Online Edition: October 2011
Vol. XVII, No. 7
Beauty as a Way to God
Pope Benedict XVI
General audience at Castel Gandolfo, Wednesday, August 31, 2011
Pope Benedict XVI, in his Wednesday audience August 31, reflected on the spiritual power of beauty — a way to prayer and contemplation of truth.
Dear brothers and sisters,
On several occasions in recent months, I have recalled the necessity for all Christians to find time for God, for prayer, amidst all our many daily activities. The Lord Himself offers us many occasions to remember Him. Today, I would like to consider briefly one of these channels that can lead us to God and also be helpful in our encounter with Him: the way of artistic expression, part of that “via pulchritudinis” — “way of beauty” — of which I have spoken many times, and which modern man should recover in its most profound meaning.
Perhaps you have experienced, at some time — before a sculpture, a painting, a few verses of a poem or a piece of music — an inner emotion, a sense of joy; have perceived clearly that before you there stood not only matter — a piece of marble or bronze, a painted canvas, a group of letters or a combination of sounds — but something far greater, something that “speaks”, that is capable of touching the heart, of communicating a message, of elevating the soul.
A work of art is the fruit of the creative capacity of the human being who stands in wonder before the visible reality, and who seeks to discover the depths of its meaning and to communicate it through the language of forms, colors and sounds. Art has the capacity to express and to make visible man’s need to go beyond what he sees; it manifests his thirst and his search for the infinite. In fact, it is like a door opened to the infinite — to a beauty and a truth that goes beyond the everyday. And a work of art can open the eyes of the mind and heart, carrying them higher.
But there are artistic expressions that are true paths to God, the supreme Beauty, and indeed are a help in growing in our relationship with Him in prayer. These are the works of art that are born of faith, and that express the faith. We can see an example of this whenever we visit a Gothic cathedral: we are enraptured by the vertical lines that shoot heavenward, drawing up our gaze and our spirit, while at the same time we feel both small and full of eagerness. Or when we enter a Romanesque church: We are invited spontaneously to recollection and prayer. We perceive that hidden within these splendid edifices is enclosed the faith of generations. Or again, when we listen to a piece of sacred music that vibrates the strings of our heart, our soul expands and is helped to turn to God.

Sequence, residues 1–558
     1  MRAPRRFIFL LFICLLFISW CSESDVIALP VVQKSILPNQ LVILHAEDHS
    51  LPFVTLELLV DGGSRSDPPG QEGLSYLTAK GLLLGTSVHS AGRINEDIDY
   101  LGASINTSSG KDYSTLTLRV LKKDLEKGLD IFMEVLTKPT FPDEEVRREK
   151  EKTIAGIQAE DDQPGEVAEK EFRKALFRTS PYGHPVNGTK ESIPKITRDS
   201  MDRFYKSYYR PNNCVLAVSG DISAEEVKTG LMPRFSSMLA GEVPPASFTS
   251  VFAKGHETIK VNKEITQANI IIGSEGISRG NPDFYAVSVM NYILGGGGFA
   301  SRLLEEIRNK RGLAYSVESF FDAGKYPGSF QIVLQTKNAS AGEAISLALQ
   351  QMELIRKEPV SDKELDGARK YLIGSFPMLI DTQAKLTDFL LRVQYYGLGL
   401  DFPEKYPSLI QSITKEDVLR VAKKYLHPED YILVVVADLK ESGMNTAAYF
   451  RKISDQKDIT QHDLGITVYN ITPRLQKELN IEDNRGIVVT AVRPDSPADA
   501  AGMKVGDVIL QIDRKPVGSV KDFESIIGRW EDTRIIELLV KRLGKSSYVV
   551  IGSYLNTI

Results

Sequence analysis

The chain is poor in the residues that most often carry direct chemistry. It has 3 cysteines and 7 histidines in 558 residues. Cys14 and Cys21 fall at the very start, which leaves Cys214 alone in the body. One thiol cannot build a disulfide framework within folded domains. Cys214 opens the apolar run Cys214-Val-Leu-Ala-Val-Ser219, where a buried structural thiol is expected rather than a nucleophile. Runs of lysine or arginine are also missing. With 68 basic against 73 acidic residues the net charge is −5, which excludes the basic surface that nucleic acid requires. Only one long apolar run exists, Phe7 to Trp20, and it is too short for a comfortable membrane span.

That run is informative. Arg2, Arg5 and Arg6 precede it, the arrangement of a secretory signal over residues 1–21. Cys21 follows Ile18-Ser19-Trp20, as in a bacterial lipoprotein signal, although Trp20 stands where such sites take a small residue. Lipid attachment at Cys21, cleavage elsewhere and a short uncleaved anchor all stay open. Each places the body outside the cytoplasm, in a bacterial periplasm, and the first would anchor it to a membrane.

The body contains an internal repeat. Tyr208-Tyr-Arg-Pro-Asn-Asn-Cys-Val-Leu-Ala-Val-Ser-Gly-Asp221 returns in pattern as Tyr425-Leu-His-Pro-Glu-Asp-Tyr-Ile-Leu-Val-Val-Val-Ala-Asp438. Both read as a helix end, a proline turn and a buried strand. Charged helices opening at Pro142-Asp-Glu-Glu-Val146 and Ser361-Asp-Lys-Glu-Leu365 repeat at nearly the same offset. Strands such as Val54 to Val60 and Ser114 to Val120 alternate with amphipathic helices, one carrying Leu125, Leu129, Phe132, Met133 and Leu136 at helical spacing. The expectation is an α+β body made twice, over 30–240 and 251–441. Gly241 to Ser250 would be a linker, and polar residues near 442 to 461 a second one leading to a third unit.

I remember a concert performance of the music of Johann Sebastian Bach — in Munich in Bavaria — conducted by Leonard Bernstein. At the conclusion of the final selection, one of the cantatas, I felt — not by reason, but in the depths of my heart — that what I had just heard had transmitted truth, truth about the Supreme Composer, and it moved me to give thanks to God. Seated next to me was the Lutheran bishop of Munich. I spontaneously said to him: “Whoever has heard this understands that the faith is true” — true faith is so strong, and the beauty that expresses irresistibly the presence of God’s truth is the thirst and the search for infinity. In fact, it’s like an open door to the infinite, to a beauty and a truth that goes beyond the everyday. It is a work of art that can open the eyes of the mind and heart, carrying one aloft.
But how often paintings or frescos also, which are the fruit of the artist’s faith — in their forms, in their colors, and in their light — compel us to turn our thoughts to God, and increase our desire to draw from the Fount of all beauty. The words of the great artist Marc Chagall remain profoundly true — that for centuries, painters have dipped their brushes in the alphabet of color that is the Bible.
How many times, then, can artistic expression be for us an occasion that reminds us of God, that assists us in our prayer or even in the conversion of our heart! In 1886, the famous French poet, playwright, and diplomat Paul Claudel entered the Basilica of Notre Dame in Paris and there felt the presence of God precisely in listening to the singing of the Magnificat during the Christmas Mass. He had not come to the church for reasons of faith; indeed, he came seeking arguments against the Christians, but yet the grace of God worked in his heart.
Dear friends, I invite you to rediscover the importance of this way of prayer, for our living relationship with God. Cities and countries throughout the world house treasures of art that express the faith and call us to a relationship with God. Therefore, may a visit to places of art be not only an occasion for cultural enrichment — though it is that — but may they become, above all, a moment of grace that moves us to strengthen our bond and our conversation with the Lord, to stop and to contemplate — in passing from the simple external reality to the more profound reality expressed — the ray of beauty that strikes us, that “wounds” us deep within and invites us to ascend to God.
I will close with a prayer of a psalm, Psalm 27:4: “One thing have I asked of the Lord, that will I seek after; that I may dwell in the house of the Lord all the days of my life, to behold the beauty of the Lord, and to inquire in His temple”.
Let us hope that the Lord will help us to contemplate His beauty, both in nature and in works of art, so that we may be touched by the light of His countenance, and that we also may be a light for our neighbor. Thank you.
[Translation – HHHitchcock]